How to reuse your affiliate content in a smart way

In case you didn’t know, the average half-life of a link on Twitter is just 2.8 hours! In less than 3 hours, a normal link shared on Twitter profile have seen half of its total engagement. The half-life of a link shared on Facebook is roughly half an hour longer. YouTube has a longer tail for content engagement, with a half-life of 7,4 hours. Now that you know all of this information, it’s time to learn affiliate marketing from another point of view and find out how you can extend the half-life of your content. It’s all written in this article.

Affiliate marketing for dummies guide on quality

New headlines

Your main purpose is to deliver high quality content, because your readers and Google like it! Even having the best intentions at heart, not all of your content will be performing in the way you want to. It’s normal to have a piece of content that hasn’t really caught on. It doesn’t mean that the content is bad, it’s just that it didn’t “sell”. A great way to learn affiliate marketing repurposing tips is by reposting the content using different headlines and takeaways on your social media channels. Don’t forget to measure the results. If one of your repackaged content outperforms the rest, it’s time to apply this technique to all of the content that’s underperforming.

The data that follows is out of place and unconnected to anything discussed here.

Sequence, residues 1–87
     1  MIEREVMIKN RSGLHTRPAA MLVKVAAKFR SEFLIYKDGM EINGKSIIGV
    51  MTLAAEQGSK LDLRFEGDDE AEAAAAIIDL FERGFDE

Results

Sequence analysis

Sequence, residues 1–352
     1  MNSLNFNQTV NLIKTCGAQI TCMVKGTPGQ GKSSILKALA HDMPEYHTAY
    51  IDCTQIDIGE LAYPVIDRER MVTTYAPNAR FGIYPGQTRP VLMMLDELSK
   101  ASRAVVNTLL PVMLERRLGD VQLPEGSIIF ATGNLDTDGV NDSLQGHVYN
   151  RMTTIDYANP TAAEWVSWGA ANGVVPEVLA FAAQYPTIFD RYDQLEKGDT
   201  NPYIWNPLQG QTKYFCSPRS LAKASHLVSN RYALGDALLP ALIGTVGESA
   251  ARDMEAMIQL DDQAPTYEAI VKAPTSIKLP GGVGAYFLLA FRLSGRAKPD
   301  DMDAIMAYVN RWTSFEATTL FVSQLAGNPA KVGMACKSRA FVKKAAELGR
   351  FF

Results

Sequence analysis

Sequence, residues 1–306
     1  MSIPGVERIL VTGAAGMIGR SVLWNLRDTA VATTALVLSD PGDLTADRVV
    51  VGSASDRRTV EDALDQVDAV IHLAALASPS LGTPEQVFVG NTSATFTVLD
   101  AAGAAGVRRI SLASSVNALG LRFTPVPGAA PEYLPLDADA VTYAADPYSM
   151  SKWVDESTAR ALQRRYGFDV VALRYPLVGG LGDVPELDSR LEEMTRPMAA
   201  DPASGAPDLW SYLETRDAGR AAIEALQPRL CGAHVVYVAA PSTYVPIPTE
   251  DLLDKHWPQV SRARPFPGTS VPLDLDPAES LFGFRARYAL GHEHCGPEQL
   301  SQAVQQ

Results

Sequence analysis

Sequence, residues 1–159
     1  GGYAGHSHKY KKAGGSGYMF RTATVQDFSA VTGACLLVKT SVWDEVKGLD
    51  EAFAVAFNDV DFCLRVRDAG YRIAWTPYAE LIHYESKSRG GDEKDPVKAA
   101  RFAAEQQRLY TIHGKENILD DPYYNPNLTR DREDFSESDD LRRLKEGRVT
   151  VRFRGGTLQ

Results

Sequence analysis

But even if you have the best intentions to learn affiliate marketing and do everything by the book, repurposing a bad performing content won’t drive amazing results over night. The most important aspect of this equation is the quality!

Identifying

Like in every other activity you do, keeping track of what’s going on with your content distribution. It’s quite easy to lose track of which tweets or Facebook posts actually outperformed the others. Studies conducted in this direction have shown that reposting content can bring in 75% of the engagement reaped the first time you posted.

There is a great way to identify the best posts, and that is by sorting your content by engagement across a specific timeframe. You’ll understand better the performance of your posts and you’ll learn affiliate marketing practices from a different point of view.

Conclusion

There’s one more thing you can do to improve the performance of your content. Let’s say you have a great article that you’ve promoted and promoted by reposting it over and over. Instead of following the same old patterns, why don’t you use leading metrics to test related subtopics? It’s a great way to learn affiliate marketing new strategies and use your content at its full potential. The posts with the best engagement are a great leading indicator of the direction you should take as an affiliate!